Gozi IFSB, a banking Trojan that has been making the rounds of the internet for several years, is back with new targets, new characteristics, and a new botnet for distribution. The changes, detailed by Talos Intelligence on Tuesday, serve to make the Trojan a more dangerous threat to a select group of victims.
Gozi IFSB has begun to use the Dark Cloud botnet in recent campaigns, a development that shows the attackers are moving to infrastructures that are associated with widespread criminal and malicious activity. Dark Cloud, which uses compromised personal computers as hosts for websites that change addresses every few minutes, is based primarily in Eastern Europe and Russia.
The most recent campaign uses individually targeted email messages with malicious Microsoft Word files as the delivery mechanism for the malware payload.
"It's likely they built emails to resemble realistic email threads, appearing to reply to a victim’s previous question or request," says Talos threat researcher Holger Unterbrink, in an email interview with Dark Reading. "In other cases, they crafted email messages that are somehow related to the victims interests such as company-related information."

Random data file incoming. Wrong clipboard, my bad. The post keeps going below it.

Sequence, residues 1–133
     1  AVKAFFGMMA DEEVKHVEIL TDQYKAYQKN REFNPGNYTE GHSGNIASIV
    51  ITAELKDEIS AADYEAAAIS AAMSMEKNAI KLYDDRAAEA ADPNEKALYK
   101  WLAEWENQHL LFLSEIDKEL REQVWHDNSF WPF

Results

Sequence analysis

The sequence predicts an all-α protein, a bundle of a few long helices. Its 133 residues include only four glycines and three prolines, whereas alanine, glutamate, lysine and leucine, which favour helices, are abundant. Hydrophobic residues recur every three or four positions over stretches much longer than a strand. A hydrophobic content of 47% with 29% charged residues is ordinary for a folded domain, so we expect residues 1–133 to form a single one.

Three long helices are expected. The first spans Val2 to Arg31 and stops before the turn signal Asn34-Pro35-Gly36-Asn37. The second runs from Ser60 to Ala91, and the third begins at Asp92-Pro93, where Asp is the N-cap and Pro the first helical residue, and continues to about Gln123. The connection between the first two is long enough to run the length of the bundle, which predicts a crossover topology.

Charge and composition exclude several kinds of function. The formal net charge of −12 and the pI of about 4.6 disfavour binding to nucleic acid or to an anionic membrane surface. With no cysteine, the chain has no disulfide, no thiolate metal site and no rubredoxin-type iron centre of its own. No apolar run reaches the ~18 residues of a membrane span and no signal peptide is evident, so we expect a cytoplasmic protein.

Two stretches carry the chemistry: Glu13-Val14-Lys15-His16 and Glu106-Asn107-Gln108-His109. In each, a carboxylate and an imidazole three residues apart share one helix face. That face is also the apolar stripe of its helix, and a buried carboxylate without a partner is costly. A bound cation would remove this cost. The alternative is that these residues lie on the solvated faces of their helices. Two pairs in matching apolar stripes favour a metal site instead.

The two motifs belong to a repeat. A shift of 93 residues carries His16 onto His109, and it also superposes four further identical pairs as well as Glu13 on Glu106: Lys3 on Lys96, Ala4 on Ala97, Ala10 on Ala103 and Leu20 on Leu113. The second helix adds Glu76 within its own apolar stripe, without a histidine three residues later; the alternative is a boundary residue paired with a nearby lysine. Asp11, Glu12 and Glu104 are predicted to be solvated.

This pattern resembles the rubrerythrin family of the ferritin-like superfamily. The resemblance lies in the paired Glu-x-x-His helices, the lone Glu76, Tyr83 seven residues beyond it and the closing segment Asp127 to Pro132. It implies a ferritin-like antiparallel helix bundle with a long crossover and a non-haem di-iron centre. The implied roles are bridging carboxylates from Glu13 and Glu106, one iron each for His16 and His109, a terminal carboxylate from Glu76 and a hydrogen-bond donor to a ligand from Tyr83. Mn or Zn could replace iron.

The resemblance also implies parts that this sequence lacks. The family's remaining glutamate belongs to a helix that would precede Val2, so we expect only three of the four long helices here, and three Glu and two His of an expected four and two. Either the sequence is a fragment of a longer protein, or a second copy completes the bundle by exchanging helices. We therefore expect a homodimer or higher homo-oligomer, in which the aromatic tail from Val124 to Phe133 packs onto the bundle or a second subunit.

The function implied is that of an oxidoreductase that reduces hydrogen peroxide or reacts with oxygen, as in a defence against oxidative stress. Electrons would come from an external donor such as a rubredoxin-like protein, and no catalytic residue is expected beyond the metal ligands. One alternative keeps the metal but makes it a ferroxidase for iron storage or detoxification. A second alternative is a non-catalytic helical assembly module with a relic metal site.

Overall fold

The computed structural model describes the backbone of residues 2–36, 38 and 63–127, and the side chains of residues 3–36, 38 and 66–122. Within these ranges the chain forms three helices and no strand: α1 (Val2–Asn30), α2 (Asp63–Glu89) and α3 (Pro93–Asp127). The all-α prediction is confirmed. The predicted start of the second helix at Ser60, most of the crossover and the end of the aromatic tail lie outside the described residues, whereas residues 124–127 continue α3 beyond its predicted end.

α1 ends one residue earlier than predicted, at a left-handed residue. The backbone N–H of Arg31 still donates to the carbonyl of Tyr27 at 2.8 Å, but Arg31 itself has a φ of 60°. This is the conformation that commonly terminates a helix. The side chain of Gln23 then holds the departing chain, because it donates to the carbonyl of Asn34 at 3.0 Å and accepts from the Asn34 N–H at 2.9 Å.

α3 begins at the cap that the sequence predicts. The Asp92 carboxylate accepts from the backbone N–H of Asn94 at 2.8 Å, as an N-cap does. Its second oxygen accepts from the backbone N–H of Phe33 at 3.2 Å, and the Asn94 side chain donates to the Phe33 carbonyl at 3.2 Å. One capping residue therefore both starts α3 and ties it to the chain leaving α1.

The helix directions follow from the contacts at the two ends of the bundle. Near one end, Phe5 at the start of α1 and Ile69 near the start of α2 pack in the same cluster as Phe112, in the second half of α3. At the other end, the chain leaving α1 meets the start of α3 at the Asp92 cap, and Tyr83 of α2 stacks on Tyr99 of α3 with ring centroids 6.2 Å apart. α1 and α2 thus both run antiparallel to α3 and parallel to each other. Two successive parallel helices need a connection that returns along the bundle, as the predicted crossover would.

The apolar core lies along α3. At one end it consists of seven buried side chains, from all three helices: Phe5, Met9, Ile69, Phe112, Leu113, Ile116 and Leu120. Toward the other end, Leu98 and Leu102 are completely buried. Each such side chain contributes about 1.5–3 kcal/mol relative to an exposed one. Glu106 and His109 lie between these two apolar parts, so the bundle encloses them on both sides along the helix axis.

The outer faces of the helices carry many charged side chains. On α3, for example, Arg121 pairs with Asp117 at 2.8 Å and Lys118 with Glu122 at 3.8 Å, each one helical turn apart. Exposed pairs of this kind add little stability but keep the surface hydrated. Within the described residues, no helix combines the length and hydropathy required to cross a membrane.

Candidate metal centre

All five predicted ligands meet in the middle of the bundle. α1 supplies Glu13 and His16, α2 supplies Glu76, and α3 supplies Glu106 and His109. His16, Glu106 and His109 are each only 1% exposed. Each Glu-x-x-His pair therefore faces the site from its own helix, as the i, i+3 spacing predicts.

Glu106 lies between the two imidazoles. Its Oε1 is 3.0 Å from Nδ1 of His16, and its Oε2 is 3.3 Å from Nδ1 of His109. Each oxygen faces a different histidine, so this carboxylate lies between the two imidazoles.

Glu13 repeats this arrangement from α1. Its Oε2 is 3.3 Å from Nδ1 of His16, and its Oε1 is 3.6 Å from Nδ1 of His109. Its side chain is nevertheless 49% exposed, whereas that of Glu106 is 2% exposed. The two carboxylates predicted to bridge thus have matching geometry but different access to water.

The level of customization indicates a high level of human involvement with the messages, rather than a mass spam email campaign. "We believe that they are using an obfuscator script/program. In many cases we looked at, they built different obfuscated docs for every single victim," says Unterbrink.
While there are a variety of different malicious payloads attached to the delivery systems, almost all are based on VBA scripts that use various methods of obfuscation and different execution patterns in attempts to evade detection in sandbox environments. Sophisticated current sandboxes and malware detection routines would almost certainly detect the activity, but simple or older technology could easily miss the operations.
Given the new payload and delivery mechanisms, what should organizations do to protect themselves from the latest wave of Gozi IFSB? "Use a multi-layer security architecture approach," says Unterbrink. "This means a mix of security protection devices/applications which are capable of communicating with each other. Companies need to realize that some attackers are using extremely sophisticated methods and/or rely on victims making mistakes (e.g. opening phishing emails). In a multi layer protected environment, even the side effects of successful attacks can be detected."
"Another important recommendation," he says, "is to focus on user education. Setup [sic] fake phishing campaigns or buy similar services to make your user aware of this threat."
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